Karl Fischer was a German chemist who discovered that the Bunsen Reaction between iodine and sulfur dioxide could be modified to help determine water content in a non-aqueous system. In 1935, he published this new method, which came to be known as Karl Fischer titration.
To learn more, let’s take a look at a few interesting facts about this very important titration method!
1. It Has Several Applications Crossing Many Industries
As a student of pharmaceutical quality assurance, you will soon learn about the Karl Fischer Titration method. This method is one of the most accurate procedures for determining the water content in liquids, gases, and solids. Trusted for its robust methodology and precise results, it’s a key procedure crossing many business niches, including such industries as:
Determining the water content of a product is crucial for ensuring quality, efficacy, and shelf life. This is because too much or too little of it can make a difference to these and other factors.
2. It Works By Reading an Excess of Iodine
The Karl Fischer reaction is based on the oxidation of sulfur dioxide by iodine with the consumption of water in a buffered solution. In this reaction, water and iodine are used up in an equimolar ratio. When all the water has been consumed, the reaction reaches its end. From there, the water content is calculated and determined according to the amount of reagent added.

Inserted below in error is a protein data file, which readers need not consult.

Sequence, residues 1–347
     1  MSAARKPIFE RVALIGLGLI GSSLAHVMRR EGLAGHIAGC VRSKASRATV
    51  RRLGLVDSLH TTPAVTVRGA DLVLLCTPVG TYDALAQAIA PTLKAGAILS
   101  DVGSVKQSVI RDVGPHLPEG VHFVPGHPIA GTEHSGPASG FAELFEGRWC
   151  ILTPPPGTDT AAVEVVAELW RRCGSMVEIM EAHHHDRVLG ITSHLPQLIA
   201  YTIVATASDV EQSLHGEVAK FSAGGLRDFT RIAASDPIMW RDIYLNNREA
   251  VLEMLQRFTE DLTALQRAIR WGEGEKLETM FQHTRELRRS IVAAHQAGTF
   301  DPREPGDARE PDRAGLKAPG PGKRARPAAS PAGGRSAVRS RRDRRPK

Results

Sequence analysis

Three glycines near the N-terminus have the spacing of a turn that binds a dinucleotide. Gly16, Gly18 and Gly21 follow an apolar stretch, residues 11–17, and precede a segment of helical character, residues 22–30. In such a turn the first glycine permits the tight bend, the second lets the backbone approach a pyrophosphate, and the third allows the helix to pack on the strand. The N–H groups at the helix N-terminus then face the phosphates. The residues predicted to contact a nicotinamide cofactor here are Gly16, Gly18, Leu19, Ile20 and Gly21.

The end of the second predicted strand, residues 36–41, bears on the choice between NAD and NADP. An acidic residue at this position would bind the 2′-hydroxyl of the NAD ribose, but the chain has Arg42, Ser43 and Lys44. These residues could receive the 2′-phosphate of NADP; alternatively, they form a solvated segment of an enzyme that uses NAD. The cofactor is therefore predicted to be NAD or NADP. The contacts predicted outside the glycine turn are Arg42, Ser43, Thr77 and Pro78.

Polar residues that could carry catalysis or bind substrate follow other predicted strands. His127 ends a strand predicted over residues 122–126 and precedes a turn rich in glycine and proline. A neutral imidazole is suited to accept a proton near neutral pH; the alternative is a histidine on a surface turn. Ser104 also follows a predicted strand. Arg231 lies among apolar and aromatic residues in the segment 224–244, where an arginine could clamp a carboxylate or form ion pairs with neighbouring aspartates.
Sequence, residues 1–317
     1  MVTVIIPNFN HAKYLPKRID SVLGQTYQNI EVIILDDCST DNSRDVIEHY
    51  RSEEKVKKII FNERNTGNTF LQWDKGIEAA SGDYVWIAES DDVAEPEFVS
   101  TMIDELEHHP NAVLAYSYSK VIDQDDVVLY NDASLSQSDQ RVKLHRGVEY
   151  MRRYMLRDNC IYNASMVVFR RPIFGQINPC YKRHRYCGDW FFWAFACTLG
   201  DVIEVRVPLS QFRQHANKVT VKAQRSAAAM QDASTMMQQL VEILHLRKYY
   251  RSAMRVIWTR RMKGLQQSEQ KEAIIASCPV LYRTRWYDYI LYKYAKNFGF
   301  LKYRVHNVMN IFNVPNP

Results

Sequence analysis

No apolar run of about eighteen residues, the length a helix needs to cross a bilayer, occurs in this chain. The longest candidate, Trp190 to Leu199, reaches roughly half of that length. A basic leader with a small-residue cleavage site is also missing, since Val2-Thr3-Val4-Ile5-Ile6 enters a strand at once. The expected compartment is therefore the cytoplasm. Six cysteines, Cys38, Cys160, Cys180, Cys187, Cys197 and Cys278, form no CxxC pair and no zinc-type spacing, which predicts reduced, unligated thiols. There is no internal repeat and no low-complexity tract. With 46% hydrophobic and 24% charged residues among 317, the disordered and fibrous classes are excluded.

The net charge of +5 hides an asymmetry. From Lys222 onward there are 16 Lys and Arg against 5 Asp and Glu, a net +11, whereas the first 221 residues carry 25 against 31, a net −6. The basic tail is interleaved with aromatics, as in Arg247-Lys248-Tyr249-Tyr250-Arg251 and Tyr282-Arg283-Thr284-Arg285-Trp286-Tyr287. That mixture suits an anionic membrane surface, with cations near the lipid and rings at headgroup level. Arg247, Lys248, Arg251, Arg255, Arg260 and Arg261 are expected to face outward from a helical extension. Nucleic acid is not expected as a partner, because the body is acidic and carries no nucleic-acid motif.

3. It’s Become an Automated Procedure
During Karl Fischer’s experimentation phase with the procedure, the chemist fine-tuned the method using the alcohol of methanol as the solvent, with a pyridine base as the buffering agent. Today, ethanol, methanol, or a propylene-glycol mixture can be used. Originally performed manually, this method has now been automated for efficient application by:
- major chemical manufacturers
- petroleum refiners
- other industry labs
- governments worldwide
- academic research organizations
4. There Are Two Main Types of the Method
Students of pharmaceutical quality control should know of the two principal forms of Karl Fischer titration used across industries. These are:
- Volumetric titration
- Coulometric titration
Both of these methods are very rapid and highly precise for determining water in free and contained forms. Volumetry is most ideal for determining water content in the range of 100 ppm to 100%, with coulometry able to determine much lower levels of water, in ranges between 1 ppm to 5%.
Why the Method Matters to Students of Pharmaceutical Quality Control
People working in pharmaceutical quality assurance come to know that the water content of active pharmaceutical ingredients and excipients can directly impact the efficacy, stability, potency, and expiration expectancy of a final product. For this reason, precise water content measurement is critical as part of the quality control and quality assurance of all kinds of pharmaceutical products.
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